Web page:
Writing Professionally Changed How I View Language Arts

When I look back on the first pieces I published, they read like a high school essay. I always thought my writing was good. Every English teacher I had gave me an A on my writing assignments–even in college. It wasn’t until I started writing professionally that I realized everything I was taught, was wrong.

 

Writing is not about spewing forth what you think the teacher wants to see in an assignment. I always did this, I put forth beautifully written essays that said nothing, showed no voice. All my essays proved was that I could write an essay that conformed perfectly to the rules of essay writing and that I was really good at knowing what the teacher wanted to read. This is not good writing, it is good structural format and the writing was excruciatingly boring. There was no voice. It was mechanical.

 

Working professionally, I learned that in order for writing to be good–it needs a voice. In traditional schools and language arts programs, nothing is done to help young writers find their voice. All the writing prompts in the world will not get you there, voice comes with experience, and experience comes from writing–lots of writing.

 

How do you get kids to write? Mine hate it, many of yours probably do too. The best thing you can do to get your kids writing is to back off. Forget grammar, sentence structure and spelling. Forget about the rewrite. Set aside time every week or several days a week for them to write in a journal. The only rule is that they have to write at least one sentence worth of words. The other rule is–you cannot look at it if they do not want you to see it. Respect that, eventually it will change.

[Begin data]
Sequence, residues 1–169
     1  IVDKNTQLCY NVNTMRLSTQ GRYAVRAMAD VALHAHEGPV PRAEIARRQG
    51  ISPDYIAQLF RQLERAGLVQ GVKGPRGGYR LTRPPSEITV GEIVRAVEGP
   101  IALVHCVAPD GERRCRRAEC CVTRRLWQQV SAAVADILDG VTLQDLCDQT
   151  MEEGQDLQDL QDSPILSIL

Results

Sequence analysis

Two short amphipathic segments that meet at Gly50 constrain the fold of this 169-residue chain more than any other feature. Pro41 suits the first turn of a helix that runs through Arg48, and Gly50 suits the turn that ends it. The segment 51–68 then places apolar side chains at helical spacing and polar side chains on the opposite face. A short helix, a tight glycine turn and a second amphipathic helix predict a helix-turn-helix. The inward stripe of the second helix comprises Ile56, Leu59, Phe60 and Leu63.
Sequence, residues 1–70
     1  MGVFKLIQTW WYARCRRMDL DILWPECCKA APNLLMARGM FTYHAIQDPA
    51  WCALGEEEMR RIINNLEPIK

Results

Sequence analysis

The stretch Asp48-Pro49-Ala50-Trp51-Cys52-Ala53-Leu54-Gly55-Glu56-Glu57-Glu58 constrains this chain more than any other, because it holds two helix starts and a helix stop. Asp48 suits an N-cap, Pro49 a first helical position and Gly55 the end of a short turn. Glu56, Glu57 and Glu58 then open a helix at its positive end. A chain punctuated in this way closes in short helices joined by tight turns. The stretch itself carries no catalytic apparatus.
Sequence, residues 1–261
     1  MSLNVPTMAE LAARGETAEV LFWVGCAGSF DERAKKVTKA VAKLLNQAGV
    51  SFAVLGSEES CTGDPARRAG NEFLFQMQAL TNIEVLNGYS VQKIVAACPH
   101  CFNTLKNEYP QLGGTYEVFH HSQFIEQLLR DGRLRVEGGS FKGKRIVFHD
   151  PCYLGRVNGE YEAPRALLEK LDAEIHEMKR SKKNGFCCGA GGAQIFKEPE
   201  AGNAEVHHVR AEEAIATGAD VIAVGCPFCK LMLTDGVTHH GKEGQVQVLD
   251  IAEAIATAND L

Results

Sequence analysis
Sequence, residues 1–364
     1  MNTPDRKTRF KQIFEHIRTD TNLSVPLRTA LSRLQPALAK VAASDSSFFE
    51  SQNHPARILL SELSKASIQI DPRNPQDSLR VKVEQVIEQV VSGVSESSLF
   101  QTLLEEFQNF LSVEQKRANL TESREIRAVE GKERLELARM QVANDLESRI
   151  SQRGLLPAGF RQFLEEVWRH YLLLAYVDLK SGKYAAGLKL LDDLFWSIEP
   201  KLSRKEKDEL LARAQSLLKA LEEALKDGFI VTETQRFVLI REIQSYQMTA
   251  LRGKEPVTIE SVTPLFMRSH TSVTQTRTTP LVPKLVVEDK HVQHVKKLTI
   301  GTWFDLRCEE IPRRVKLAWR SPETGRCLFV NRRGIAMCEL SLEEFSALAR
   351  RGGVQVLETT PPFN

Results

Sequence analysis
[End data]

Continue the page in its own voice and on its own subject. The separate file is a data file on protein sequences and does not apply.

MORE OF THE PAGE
When you give a writing assignment, place the heaviest emphasis on voice. You want to know why your child feels the way they do about the subject. You cannot teach feeling and voice, you have to coax it out of them. If you ask them to write about a passage they have read and they say, “it was dumb.” Go with that, tell them you respect their opinion but you want to know why it was dumb, boring, stupid, or “I hated it.” What exactly made your child feel that way. If you get something positive–great. You have a lot to work with. Ask your child what excited you, how did it impact you, what was it that made it so interesting.

 

Good writing is about voice, feelings, and being able to convey that emotion to the reader. Encourage your child to write from the heart. When this is accomplished, their writing skills will soar.

 

–Lynda

Posted on 22 July '12 by , under Free lesson plans and ideas, Homeschooling 101, Homeschooling through high school. No Comments.

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